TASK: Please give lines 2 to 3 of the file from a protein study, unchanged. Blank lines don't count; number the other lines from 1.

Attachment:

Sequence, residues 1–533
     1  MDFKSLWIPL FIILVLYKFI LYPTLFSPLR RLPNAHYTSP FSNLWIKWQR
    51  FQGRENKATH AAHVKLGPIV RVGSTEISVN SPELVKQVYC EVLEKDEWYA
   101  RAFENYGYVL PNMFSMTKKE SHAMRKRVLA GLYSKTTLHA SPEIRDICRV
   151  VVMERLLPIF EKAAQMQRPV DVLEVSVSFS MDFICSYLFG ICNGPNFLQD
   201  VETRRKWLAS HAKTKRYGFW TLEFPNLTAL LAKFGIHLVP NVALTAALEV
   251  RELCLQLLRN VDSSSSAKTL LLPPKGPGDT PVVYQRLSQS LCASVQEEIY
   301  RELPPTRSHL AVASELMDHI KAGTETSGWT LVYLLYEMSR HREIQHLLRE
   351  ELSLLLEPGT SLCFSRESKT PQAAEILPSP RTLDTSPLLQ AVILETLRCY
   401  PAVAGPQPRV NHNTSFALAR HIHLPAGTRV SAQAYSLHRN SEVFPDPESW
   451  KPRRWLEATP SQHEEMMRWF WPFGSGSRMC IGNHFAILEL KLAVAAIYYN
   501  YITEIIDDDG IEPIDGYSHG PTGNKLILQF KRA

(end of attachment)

     1  MDFKSLWIPL FIILVLYKFI LYPTLFSPLR RLPNAHYTSP FSNLWIKWQR
    51  FQGRENKATH AAHVKLGPIV RVGSTEISVN SPELVKQVYC EVLEKDEWYA